David H. Munn
Hepatitis B virus (HBV) infection can be managed clinically with nucleos(t)ide therapy, which suppresses viral replication; however, these drugs must often be used long term, as they are unable to fully eliminate the virus. For many patients, discontinuation of treatment results in viral resurgence and hepatic flare, and there is not a reliable way to identify those individuals that can be successfully taken off nucleos(t)ide therapy. In this issue of the JCI, Rivino and colleagues report on their use of a multipronged approach to investigate potential biomarkers indicative of HBV-infected patients who can safely stop nucleos(t)ide therapy. The authors identified a population of HBV-specific, PD1-positive T cells that was present in HBV-infected patients who successfully discontinued treatment without hepatic flare, but not in those that developed flare upon treatment cessation. Together, these results support the concept that PD1+ cells may play an important role in viral control, the further evaluation of this T cell subset in preventing hepatic flare, and the development of assays to better detect this PD1+ T cell population in HBV-infected patients on nucleos(t)ide therapy.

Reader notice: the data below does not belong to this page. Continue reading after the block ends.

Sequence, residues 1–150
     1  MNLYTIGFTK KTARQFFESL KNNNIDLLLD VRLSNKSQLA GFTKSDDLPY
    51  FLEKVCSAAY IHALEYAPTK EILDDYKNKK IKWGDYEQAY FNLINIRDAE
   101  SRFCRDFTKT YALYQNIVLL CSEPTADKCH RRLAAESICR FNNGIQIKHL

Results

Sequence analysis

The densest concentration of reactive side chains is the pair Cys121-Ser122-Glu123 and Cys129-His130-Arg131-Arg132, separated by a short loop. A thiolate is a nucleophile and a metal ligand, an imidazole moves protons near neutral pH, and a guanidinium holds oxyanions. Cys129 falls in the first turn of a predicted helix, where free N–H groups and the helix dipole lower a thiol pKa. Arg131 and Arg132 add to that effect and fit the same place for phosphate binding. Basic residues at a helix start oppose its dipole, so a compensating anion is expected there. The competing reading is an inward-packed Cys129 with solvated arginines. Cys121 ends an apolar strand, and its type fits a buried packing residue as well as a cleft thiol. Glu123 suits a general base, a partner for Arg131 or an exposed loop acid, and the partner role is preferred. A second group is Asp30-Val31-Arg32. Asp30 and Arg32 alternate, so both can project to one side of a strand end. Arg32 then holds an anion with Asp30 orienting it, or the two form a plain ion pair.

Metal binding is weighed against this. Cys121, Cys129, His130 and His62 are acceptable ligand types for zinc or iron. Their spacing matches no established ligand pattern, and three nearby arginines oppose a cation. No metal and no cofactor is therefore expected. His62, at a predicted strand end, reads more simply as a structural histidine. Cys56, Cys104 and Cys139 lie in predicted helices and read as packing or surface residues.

Immune checkpoint inhibitors are becoming a cornerstone of cancer immunotherapy as a result of their clinical success in relieving immune suppression and driving durable antitumor T cell responses in certain subsets of patients. Unfortunately, checkpoint inhibition is also associated with treatment-related toxicities that result in a myriad of side effects, ranging from mild and manageable to severe and debilitating. In this issue of the JCI, Das and colleagues report an association between early therapy-induced changes in circulating B cells and an increased risk of high-grade immune-related adverse events (IRAEs) in patients treated with checkpoint inhibitors that target cytotoxic T lymphocyte–associated antigen-4 (CTLA4) and programmed cell death protein 1 (PD1). These findings identify potential predictive biomarkers for high-grade IRAEs that may be leveraged to improve patient monitoring and may prompt new treatment strategies to prevent IRAEs.